For some inexplicable reason, ever since I was a teenager, I’ve always wanted to visit Dublin. I’ve had a green shirt with a clover since I was 17. I got it in Germany. It tore last year. Seemed like a sign. It probably wasn’t. But I went to Dublin anyway and had the best time. Below is a story I heard during a guided tour I took there.
Happy Saint Patrick’s Day everyone! Lá fhéile Pádraig sona daoibh
In history lessons you may have heard about the Easter Rising of 1916, a rebellion that resulted in bloodshed, executions and eventually (eventually!) the Republic of Ireland. What you may not know, is that this uprising was only a thing because of a sequence of ridiculous, almost incomprehensible screwups on both sides.
This is what happened:
The Irish rebels didn’t want to be governed by the British anymore (a pain that is shared by countries across the globe, even today). They planned a rebellion and ordered some weaponry from Germany.
On Good Friday 1916, the British intercepted a German ship, carrying loads (+/- 20.000) of weapons and bullets meant for the rebels and their uprising. Obviously a tough blow to the rebels. Reactions:
– “Hey, you know, maybe we should not do this uprising right now, seeing that our loot got taken and all that. How about it?” – Eoin MacNeill, head of the Irish Volunteers
– “Yeah man, sounds about right.” – most people
– “No way dude. Believing is achieving! We march on Monday.” – James Connelly and Thomas Clarke, blissfully unaware of the proverb ‘quit while you’re ahead’
That was probably not exactly how they phrased it, but you get the picture.
At 11 am (Is it just me who finds it hilarious that a thing called ‘uprising’ starts so late?) about 1200 members of the Irish Volunteers and Irish Citizen Army gathered across Dublin. They were strong, they were fierce, they believed in and fighted for an independent Ireland, but to get to the city centre, they dutifully paid their tram fare. I for one always appreciate it when uprisers are good civilians.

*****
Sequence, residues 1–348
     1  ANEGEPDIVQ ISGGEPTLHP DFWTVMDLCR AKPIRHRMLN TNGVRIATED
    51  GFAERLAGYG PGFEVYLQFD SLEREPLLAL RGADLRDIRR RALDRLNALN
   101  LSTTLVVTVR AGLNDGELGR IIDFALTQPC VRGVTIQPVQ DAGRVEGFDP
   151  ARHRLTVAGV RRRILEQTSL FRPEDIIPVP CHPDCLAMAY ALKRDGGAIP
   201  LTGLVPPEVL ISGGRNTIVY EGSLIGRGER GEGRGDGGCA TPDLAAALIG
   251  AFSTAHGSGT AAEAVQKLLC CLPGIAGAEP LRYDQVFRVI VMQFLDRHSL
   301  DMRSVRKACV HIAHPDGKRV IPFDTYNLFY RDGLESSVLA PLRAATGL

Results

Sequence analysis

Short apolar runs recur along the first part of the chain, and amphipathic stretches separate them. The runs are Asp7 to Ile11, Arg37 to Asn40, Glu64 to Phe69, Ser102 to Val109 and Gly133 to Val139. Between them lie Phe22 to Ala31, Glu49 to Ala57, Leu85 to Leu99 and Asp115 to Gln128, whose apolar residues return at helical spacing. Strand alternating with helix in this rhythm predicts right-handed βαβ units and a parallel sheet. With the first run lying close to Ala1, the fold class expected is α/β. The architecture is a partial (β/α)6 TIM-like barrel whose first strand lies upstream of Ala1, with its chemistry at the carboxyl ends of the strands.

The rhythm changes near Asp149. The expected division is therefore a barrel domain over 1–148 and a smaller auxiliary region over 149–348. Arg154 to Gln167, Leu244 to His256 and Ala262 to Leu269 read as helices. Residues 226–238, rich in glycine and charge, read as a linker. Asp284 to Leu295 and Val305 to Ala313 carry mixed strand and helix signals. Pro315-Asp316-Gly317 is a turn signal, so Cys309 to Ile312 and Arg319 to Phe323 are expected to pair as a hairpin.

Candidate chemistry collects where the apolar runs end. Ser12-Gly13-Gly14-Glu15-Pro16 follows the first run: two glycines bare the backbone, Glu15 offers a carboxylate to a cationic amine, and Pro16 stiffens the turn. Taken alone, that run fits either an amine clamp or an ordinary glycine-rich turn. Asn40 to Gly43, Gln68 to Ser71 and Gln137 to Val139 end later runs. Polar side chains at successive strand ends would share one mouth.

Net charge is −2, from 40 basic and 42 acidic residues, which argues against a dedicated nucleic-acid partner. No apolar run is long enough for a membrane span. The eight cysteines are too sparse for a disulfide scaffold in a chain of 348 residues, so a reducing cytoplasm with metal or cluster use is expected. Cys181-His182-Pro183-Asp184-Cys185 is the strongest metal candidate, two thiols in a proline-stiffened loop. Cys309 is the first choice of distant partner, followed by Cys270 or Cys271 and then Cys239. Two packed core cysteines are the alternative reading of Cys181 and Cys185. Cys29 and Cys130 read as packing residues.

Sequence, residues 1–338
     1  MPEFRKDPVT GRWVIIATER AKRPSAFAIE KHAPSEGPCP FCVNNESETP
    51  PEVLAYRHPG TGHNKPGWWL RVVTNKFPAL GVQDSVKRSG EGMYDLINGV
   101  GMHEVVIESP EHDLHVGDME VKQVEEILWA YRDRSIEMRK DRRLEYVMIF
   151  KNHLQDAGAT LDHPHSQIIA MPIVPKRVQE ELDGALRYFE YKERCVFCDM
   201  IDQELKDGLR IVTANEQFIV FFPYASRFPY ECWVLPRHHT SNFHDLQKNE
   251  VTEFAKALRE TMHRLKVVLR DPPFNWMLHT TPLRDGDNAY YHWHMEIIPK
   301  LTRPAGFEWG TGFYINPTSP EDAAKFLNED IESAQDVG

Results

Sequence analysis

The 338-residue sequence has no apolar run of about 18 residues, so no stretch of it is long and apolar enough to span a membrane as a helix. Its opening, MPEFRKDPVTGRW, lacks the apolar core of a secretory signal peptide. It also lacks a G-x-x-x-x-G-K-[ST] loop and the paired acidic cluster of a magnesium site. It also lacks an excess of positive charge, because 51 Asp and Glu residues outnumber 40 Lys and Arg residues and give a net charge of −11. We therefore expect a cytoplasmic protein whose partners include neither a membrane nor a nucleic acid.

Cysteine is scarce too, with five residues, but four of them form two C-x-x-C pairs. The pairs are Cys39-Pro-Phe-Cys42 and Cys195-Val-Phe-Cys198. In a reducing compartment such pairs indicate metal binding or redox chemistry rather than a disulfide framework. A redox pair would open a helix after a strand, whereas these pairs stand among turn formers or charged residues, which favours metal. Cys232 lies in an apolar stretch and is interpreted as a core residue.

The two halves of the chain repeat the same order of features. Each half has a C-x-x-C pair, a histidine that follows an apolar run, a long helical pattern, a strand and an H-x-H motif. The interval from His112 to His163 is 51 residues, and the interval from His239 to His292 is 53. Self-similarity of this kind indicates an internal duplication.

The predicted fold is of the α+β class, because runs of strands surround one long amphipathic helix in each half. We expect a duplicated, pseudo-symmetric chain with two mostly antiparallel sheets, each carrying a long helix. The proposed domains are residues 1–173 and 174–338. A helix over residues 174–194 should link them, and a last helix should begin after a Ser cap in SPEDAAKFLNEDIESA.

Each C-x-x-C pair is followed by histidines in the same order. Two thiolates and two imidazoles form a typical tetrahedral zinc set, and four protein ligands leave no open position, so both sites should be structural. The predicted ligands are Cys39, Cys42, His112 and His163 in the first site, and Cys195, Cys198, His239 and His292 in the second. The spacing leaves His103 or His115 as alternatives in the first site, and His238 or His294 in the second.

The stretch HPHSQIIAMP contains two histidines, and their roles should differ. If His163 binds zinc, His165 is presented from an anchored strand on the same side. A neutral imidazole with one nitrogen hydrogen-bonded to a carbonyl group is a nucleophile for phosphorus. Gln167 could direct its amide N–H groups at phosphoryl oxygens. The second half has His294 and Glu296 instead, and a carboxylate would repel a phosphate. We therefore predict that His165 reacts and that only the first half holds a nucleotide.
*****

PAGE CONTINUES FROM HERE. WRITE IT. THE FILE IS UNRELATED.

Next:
They then occupied some key strongholds throughout Dublin, hoisted the tricolour flag at the General Post Office and proclaimed the independent Irish republic.
A mere 25 (!) Irish Citizen Army members seized the headquarters of the British government’s administration in Ireland, Dublin Castle.
This begs the question: how can 25 rebels take Dublin Castle?
Some days before, the British had kinda sensed that something was off (confiscating all those weapons a few days earlier made them a bit iffy) and they were fully ready and armed to quench an insurrection on Easter Sunday.
When no attack came on Sunday, sergeants must have thought “Phew! Dodged a bullet there!”. They promptly gave the soldiers defending Dublin Castle a much-deserved day off to watch the Easter Monday horse races at the Fairyhouse Racecourse, leaving Dublin Castle nearly undefended.
The rebels walked in and were the heroes of the day!Well, actually, they weren’t. Many Dubliners had family members fighting for the British in Europe and were less than eager to support the rebels. Some threw stones. The general public only started liking the rebels again after the uprising was crushed and the rebels were hanged. Can’t catch a break.
PS: Disappointed that this post was not language-related? Go on then. Did you know the word shamrock has nothing to do with rocks, but is derived from the Irish word ‘seamróg’, meaning ‘little clover’?
PPS: My soundtrack while writing this post was this song on eternal repeat. I would recommend it.